Steve Dalton and One Laptop Per Child Program: Interview

Cameroon1 - children with XO computer

It’s about the size of a small textbook. It has built-in wireless and a unique screen that is readable under direct sunlight for children who go to school outdoors. It’s extremely durable, brilliantly functional, energy-efficient, and fun.

That’s the description, on the One Laptop Per Child site, of the XO, an amazing, highly portable, highly durable, small laptop computer specially designed and made for children in developing countries.

Yesterday I had the privilege of seeing one of these amazing devices close-up and hearing about them from local Gold Coast business owner and software developer Steve Dalton.

If you would like to learn more about this wonderful project, One Laptop Per Child and maybe join with those who are helping with development and distribution, here are some links:

One Laptop Per Child –

Friends site – community site and blog –

Gold Coast, Australia, group –

Photo credit: Cameroon 1 – One Laptop Per Child – Creative Commons

Des Walsh

Business coach and digital entrepreneur. With coach training from and its Graduate School of Coaching, and a founding member of the International Association of Coaching, Des has been coaching business owners and entrepreneurs for the past 20 years. Over the same period he has also been actively engaged in promoting the business opportunities of the digital economy. He is a certified Neurolinguistic Programming (NLP) coach, and a certified specialist in social media strategy and affiliate marketing.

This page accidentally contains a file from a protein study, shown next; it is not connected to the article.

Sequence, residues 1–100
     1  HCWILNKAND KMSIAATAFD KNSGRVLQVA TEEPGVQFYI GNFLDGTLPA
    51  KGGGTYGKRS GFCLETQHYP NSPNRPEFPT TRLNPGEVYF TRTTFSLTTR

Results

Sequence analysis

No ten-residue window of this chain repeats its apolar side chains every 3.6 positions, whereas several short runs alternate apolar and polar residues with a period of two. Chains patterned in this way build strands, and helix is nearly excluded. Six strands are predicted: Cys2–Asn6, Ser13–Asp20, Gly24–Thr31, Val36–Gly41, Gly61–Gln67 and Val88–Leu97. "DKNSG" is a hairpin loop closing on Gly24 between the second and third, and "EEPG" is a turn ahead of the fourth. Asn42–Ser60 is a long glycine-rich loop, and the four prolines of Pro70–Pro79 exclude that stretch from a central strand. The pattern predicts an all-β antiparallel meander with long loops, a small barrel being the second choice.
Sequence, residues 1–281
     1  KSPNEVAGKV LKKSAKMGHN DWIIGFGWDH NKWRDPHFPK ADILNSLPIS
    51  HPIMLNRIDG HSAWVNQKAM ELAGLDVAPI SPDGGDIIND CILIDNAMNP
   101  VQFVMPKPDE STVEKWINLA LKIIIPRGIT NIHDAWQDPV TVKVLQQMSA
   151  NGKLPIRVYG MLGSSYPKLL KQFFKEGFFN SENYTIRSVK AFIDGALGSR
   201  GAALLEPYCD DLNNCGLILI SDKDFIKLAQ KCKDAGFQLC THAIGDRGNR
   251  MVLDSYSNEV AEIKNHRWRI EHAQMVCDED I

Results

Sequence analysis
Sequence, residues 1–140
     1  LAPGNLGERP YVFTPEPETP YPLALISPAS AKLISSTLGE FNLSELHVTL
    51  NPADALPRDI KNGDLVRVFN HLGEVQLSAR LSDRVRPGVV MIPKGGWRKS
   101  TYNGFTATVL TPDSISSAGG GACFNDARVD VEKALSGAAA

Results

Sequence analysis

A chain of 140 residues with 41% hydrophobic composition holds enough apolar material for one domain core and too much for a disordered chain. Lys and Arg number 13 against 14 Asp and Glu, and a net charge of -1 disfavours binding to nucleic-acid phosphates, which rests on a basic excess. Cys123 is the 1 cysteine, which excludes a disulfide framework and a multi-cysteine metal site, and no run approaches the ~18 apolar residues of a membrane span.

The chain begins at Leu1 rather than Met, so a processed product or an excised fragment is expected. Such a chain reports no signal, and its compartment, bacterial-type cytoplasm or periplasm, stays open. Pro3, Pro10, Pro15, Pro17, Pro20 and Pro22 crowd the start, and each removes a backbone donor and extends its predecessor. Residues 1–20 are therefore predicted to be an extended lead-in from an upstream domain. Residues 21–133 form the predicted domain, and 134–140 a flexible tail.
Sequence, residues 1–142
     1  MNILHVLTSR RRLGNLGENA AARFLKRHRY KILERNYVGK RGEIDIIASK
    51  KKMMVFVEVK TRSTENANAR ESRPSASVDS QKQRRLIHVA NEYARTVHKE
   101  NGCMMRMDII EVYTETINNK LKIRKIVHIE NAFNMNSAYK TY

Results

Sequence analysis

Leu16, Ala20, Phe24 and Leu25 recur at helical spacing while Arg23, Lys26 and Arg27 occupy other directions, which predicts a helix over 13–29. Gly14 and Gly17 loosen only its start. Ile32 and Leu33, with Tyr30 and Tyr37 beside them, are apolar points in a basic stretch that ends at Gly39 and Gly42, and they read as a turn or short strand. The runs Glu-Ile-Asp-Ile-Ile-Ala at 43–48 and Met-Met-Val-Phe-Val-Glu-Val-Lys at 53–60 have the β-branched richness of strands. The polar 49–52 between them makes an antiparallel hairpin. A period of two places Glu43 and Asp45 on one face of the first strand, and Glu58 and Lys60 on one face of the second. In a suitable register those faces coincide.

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  1. Very interested in how this unusual looking netbook like laptop will be used in schools or as homework/assignment assistantants at the home. I looked at Wikipedias site on the OLPC mission and history and am impressed with Peru and Urugay really taking the educational laptop offer seriously. Some schools in NSW are also taking an interest I see from a quick google at whats happening with OLPC in Australia. Like you mention in this interview it could be a helpful tool in teaching in remote aboriginal and marginal communities. It seems more educators in the mainstream could explore the potential educational applications and fire up interest and support by parents and child enthusiasts! Well done to add your support with this interview, Karin

  2. Karin
    I believe it would go very well in schools in Australia generally and also, as you say, in remote communities. One of the things I was struck by in talking with Steve was that although the laptop *looks* a bit like a toy it is evidently very rugged and able to sustain some tough treatment.

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